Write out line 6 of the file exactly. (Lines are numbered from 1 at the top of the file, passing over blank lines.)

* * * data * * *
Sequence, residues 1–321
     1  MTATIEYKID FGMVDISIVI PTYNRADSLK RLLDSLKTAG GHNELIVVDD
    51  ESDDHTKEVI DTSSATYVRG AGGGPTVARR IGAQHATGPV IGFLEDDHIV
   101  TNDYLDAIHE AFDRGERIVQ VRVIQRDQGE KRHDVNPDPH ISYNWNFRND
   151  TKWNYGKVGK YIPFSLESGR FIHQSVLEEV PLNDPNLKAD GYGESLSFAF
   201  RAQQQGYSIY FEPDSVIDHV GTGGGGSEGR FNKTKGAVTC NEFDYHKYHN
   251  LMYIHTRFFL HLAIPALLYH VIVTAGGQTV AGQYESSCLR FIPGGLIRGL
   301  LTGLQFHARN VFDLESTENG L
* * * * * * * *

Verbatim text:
   201  RAQQQGYSIY FEPDSVIDHV GTGGGGSEGR FNKTKGAVTC NEFDYHKYHN